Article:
|Volume 50 Number 8, March 7, 2020||ARCHIVE||HOME||JBCENTRE||SUBSCRIBE|
Virgin Trains, which took over the privatised rail franchise of the West Coast Main Line in March 1997, ran its last train from Euston to Wolverhampton last December. Virgin Trains, which was co-owned by Sir Richard Branson's Virgin Group and Stagecoach, had their bid to continue running trains on the line disqualified by the Department for Transport (DfT) in April of last year because they refused to meet the pension rules for rail staff. The same company had already ended its contract on the East Coast Main Line in June 2018, due to run to 2023, because the companies said they had failed to "achieve revenue targets".
Then in May last year, the Virgin Group lodged a Judicial Review against the DfT on the loss of the franchise, Patrick McCall, senior partner at Virgin Group, said. "The DfT has ignored this [Virgin's] track record and instead focused on which bidder is reckless enough to take on various unquantifiable risks, such as pensions." The same report pointed out: "Virgin Rail Group Holdings, Virgin and Stagecoach's joint-venture company, will have taken more than £600m in dividends from Virgin Trains by the time the west coast route is handed to a new operator within the next 12 months." In fact the figure, according to research by the Rail Maritime and Transport Union (RMT), was £720 million. Putting this in perspective, the RMT points out that this "is a lot of money in anyone's books, but for a sense of scale, this represents 76 per cent of the operating profits made by Virgin on the West Coast Mainline. That means that precious little of the profit they made was being re-invested directly in the railway. This confirms the candid view expressed by the CEO of FirstGroup recently when he said that 'Rail is cash generative, with profit after tax equating to dividends available for the Group, albeit with some phasing of the funds flows'." RMT also points out: "Nor did Virgin invest much in the franchise at any point.".
The franchising and the pay-the-rich schemes in the national railway system have not only put the whole railway system at risk, wrecking services and fleecing passengers with high fares, but they have jeopardised railway workers and all to who work in the rail industry and their pay, conditions and pensions. Far from putting an end this system, the government has issued a new franchise to precisely FirstGroup in August last year in spite of its ongoing rail review undertaken by Keith Williams. The new company that has taken up the franchise is Avanti West Coast, owned by First Trenitalia, a partnership between FirstGroup and Italian state railways Trenitalia. FirstGroup also runs the South Western Trains in partnership with another company, MTR, and this year its own auditors, London Deloitte, have said that South Western faces "material uncertainty" over its South Western Railway franchise.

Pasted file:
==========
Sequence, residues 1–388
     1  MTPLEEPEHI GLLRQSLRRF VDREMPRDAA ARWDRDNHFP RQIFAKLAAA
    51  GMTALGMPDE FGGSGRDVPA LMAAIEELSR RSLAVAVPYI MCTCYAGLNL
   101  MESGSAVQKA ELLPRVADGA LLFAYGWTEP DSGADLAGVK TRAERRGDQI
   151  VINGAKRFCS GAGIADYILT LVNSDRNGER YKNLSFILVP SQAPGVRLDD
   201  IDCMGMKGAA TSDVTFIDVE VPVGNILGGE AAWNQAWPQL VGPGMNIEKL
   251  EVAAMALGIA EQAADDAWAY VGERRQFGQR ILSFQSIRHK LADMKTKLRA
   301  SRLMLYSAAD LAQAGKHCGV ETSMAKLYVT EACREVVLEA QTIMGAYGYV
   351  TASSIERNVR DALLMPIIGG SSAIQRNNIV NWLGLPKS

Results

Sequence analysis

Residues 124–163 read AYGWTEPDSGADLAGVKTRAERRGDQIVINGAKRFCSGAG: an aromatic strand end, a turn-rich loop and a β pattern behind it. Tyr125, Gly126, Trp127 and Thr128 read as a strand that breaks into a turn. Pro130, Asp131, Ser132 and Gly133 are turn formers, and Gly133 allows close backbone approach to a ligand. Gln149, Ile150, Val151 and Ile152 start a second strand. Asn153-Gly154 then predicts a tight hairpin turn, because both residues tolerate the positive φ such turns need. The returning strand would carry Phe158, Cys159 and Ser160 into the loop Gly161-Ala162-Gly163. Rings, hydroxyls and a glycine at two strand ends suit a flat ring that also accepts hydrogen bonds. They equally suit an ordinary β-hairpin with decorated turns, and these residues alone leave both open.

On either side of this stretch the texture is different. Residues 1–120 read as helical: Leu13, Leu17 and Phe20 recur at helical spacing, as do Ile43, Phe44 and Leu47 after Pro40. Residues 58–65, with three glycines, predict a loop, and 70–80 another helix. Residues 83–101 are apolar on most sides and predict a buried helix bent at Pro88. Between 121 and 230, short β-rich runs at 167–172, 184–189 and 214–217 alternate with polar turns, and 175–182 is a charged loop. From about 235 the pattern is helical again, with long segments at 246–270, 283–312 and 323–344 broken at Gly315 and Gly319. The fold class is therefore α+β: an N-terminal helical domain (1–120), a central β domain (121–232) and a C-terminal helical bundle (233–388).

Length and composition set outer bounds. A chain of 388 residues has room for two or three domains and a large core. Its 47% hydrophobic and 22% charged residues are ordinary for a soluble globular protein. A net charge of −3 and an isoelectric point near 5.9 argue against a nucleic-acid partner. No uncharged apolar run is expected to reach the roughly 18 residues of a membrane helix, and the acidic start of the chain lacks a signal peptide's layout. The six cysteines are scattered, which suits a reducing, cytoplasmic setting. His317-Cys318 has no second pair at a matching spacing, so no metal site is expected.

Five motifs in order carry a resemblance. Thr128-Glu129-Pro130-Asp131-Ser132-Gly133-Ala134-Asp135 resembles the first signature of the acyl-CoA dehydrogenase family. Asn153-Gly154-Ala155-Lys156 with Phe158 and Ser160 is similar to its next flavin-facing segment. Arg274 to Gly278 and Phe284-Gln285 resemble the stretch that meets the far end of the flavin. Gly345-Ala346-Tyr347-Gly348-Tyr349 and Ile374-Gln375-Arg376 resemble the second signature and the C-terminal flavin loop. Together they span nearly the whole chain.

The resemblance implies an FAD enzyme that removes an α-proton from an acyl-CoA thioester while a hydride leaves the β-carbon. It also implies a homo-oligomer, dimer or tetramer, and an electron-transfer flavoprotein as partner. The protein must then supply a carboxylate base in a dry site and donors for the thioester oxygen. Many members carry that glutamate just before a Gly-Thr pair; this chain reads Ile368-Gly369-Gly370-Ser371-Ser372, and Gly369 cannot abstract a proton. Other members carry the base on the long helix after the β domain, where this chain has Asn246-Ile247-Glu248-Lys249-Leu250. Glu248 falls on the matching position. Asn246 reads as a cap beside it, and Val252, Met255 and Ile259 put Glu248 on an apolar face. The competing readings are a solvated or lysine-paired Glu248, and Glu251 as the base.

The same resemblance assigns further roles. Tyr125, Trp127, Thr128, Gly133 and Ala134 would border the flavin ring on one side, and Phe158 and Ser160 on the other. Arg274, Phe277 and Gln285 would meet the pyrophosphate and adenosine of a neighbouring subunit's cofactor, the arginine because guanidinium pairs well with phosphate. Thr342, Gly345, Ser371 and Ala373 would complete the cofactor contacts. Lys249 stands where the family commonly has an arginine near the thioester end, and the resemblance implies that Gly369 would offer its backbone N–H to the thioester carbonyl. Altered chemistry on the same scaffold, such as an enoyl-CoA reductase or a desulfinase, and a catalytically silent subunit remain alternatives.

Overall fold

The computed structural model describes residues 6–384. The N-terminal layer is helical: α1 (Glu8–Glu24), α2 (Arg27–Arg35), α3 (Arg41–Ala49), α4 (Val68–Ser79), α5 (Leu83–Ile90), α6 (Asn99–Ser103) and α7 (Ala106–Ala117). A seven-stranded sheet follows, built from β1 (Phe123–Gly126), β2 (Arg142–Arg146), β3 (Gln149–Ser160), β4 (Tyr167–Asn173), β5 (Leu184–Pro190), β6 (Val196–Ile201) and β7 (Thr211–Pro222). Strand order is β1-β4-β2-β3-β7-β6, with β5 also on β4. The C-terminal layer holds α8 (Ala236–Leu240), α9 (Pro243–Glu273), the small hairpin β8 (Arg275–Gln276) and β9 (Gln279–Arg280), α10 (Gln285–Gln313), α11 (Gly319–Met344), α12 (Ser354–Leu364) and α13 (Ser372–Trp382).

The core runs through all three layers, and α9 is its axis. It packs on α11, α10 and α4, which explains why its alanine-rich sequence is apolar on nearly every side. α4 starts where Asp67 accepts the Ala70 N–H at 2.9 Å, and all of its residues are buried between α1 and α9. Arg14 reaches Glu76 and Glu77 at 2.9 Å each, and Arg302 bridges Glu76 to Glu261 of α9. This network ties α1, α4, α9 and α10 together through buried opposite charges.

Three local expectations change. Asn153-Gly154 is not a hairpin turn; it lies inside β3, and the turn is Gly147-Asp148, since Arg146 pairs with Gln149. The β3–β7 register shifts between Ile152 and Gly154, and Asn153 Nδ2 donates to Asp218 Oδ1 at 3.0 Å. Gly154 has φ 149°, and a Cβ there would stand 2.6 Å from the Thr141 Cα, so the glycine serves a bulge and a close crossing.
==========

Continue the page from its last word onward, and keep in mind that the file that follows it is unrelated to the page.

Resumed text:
In addition, The Williams Rail Review and its recommendations described by the RMT in its own report this February, Reanimating the corpse, prioritises "commercial models for the provision of rail services". The recommendations do nothing to resolve the railway crisis because it does not address the pay-rich-scheme that is taking more out of the economy than is being put in. It does not address the neo-liberal agenda that is wrecking the railway system. It does not recognise the voice of rail workers, who are speaking out that an integrated rail system operating across fragmented privately-competing parts has reached the point of a sheer inability to function given the demands of a modern socialised economy. The necessity is for working people, not the monopolies or competing private interests, to control the railway network. These private interests must not be allowed to seize the value created by the workers engaged on the rail network. This value, far from being paid for by the rich who benefit from the transport of working people, is lost to the social economy; it is lost as investment in social programmes. When this value is expropriated to pay the rich, public enterprises are starved of resources. Workers are raising their voices against such privatisation and are emphasising the need for control over and decision-making about the railway network. Investment must be provided to benefit the people, not the competing private interests which are causing such havoc.
 Mark Sweney, "Virgin Trains takes government to court over West Coast route", The Guardian, May 24, 2019, https://www.theguardian.com/business/2019/may/24/virgin-trains-takes-government-to-court-over-west-coast-route
 RMT News, Vol. 23, No. 2, February 2020, https://www.rmt.org.uk/news/rmt-news/
 RMT News February 2020. One of the ways we can see this is by looking at its Return on Capital Employed (ROCE), a measure that investors use to assess how hard the money they put in is working to generate profits. The higher the ratio of profit to capital invested in the business, the better for investors. West Coast Rail Ltd's "ROCE" averaged 102 per cent. What this means is that it was making as much if not more in profits than it was investing in the business as capital. And as we saw above, more than 75% of that profit was turned into dividends for Virgin. So, for all the flash and fanfare associated with Virgin, it was in fact taking very few risks and getting a lot of money out for what it put in.
 RMT, "Reanimating the corpse: How the Williams review will attempt to resuscitate rail privatisation", February 2020, https://www.rmt.org.uk/news/publications/reanimating-the-corpse25220/
For further information on the Williams Rail Review,
Total dividends 1995-2018: £718,100,000. Dividends a/the-williams-rail-reviews a percentage of Operating Profits 74%. Average ROCE: 102%